The 57 Pennies

Hattie2HATTIE MAY WIATT

“SOME years ago in the great city of Philadelphia, a little girl came to a small Sunday school and asked to be taken into one of the classes. The classes were all so full and the church was so small, that there seemed to be no room for her. She was very much disappointed, and although she was very poor she began to save her pennies so that the church might be built bigger, and that she and other poor little children might have a place to go to Sunday-school.

She didn’t tell any one what she was doing, and nobody knew she was saving the few pennies that were given to her until the pastor of that little church called at her bedside. She was very sick, oh, so sick, and after a little while God took her out of her sufferings, and after she had passed away they found under her pillow a little old red pocketbook and in it they found fifty-seven pennies that she had saved, and a little scrap of paper on which was written the reason why she had saved her pennies, and her great wish that she might help to build a Fifty-Seven Pennies church where all little children might have a place.

The pastor who conducted the funeral was a great, good man, and the story of that little pocketbook and those fifty-seven pennies got into the papers and the people read about it with tears in their eyes. It appealed to everybody.

She was only a little girl, six and a half years old, and what could her fifty-seven pennies do?

But people began to give the pastor of the little church money, and then more money and more money, and in six years those fifty-seven pennies had become $250,000. To-day if you go to Philadelphia, you will see this little girl’s picture hanging in the hall of Temple College, where over fourteen hundred students attend, and that college is connected with a great church called the Baptist Temple, which seats eight thousand people, and connected with that church is a hospital for children, called the Samaritan Hospital. There is also a Sunday-school building there which is so large that all the children who want to attend can come and are gladly welcomed.

This is the story of little Hattie May Wiatt and her fifty-seven pennies.”—Children’s Story-Sermons; By Hugh Thomson Kerr; 1911

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One day in 1883 a little girl by the name of Hattie May Wiatt came to the meeting-house, corner of Berks and Mervine streets, to attend the Sunday school of Grace Baptist Church. There was no room for her; every department of the school was overcrowded; there was not even standing room for a little girl; the pastor himself was obliged to explain to the little applicant why she could not be admitted.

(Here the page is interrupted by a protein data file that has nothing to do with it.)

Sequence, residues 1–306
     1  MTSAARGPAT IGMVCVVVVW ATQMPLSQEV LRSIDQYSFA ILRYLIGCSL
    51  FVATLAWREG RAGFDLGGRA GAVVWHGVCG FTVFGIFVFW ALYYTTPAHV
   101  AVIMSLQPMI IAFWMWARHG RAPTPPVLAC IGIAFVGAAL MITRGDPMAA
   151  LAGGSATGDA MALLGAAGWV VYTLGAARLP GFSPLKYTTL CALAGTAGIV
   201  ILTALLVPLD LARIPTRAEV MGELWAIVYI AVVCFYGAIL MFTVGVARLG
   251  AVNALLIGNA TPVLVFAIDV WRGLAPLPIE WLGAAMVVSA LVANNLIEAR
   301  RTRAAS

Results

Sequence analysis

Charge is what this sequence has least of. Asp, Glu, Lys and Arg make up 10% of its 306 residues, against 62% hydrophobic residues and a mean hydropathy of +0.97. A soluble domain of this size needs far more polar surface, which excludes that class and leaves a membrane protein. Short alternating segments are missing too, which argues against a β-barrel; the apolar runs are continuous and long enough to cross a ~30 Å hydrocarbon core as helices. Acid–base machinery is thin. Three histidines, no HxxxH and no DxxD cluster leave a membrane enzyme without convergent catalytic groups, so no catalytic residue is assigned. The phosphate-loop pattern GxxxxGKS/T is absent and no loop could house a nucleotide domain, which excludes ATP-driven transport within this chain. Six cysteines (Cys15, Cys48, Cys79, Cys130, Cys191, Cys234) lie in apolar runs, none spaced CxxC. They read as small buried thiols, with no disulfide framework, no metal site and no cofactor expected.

Hattie Wiatt turned away from the door of the Sunday-school with a heavy heart, and yet a heart not quite so heavy as the one which beat in the pastor’s breast. The child’s tears moved him to the very depths of his nature. Burdette has beautifully said: “God makes men’s hearts so much bigger than men can build churches or hospitals; that is the way the world grows—men keep trying to build up to God’s plans; trying to make a ten-page sermon as big as a three-line text; to make a creed as long and broad and deep and high as the eleventh commandment; to develop a charity as beautiful and immortal as the nameless ‘ certain Samaritan’; trying to write the life of Him the books of whose deeds ‘”the world itself could not contain“; that’s the way the world grows better and broader and sweeter.

“The little disappointed visitor thought of others as well as herself, and remarked as she turned painfully from the door: “I will save my money and build a bigger Sunday-school, and then we can all go.” The sweet spirit of him who once took little children in His arms and blessed them, and said, “Of such is the kingdom of heaven,” inspired the little girl’s heart to a noble sacrifice.

1883-indian-penny1She saved her pennies and denied herself candy and sweetmeats; her heart was on fire with an idea; she believed a larger church could be built; she was determined it should be done at whatever cost. What struggles she had, what battles she fought, what victories she won have not yet been revealed to mortal eye. Let it suffice us to know that in a few short weeks her character was ripe for that celestial city into which the eyes of the beloved apostle once looked and “saw no temple therein: for the Lord God Almighty and the Lamb are the temple of it.

And the city had no need of the sun, neither of the moon to shine in it: for the glory of God did lighten it, and the Lamb is the light thereof.” Crowded out of the house of God on earth, her spirit tarried but a short time in this cold world, which once had no room in home or inn for the infant Savior, and took its flight to “a house not made with hands, eternal in the heavens.”

 She left as the sum total of her earthly possessions a little red pocketbook and fifty-seven cents with which to build a larger Sunday-school to which all might go.

The pastor took charge of the legacy, and with misty eyes related the incident to his congregation, calling their attention to the hand of Providence pointing to that not distant day when a ‘new’ house must be built.”—Condensed from; The Life of Russell H. Conwell; By Albert Hatcher Smith; 1899 The End?

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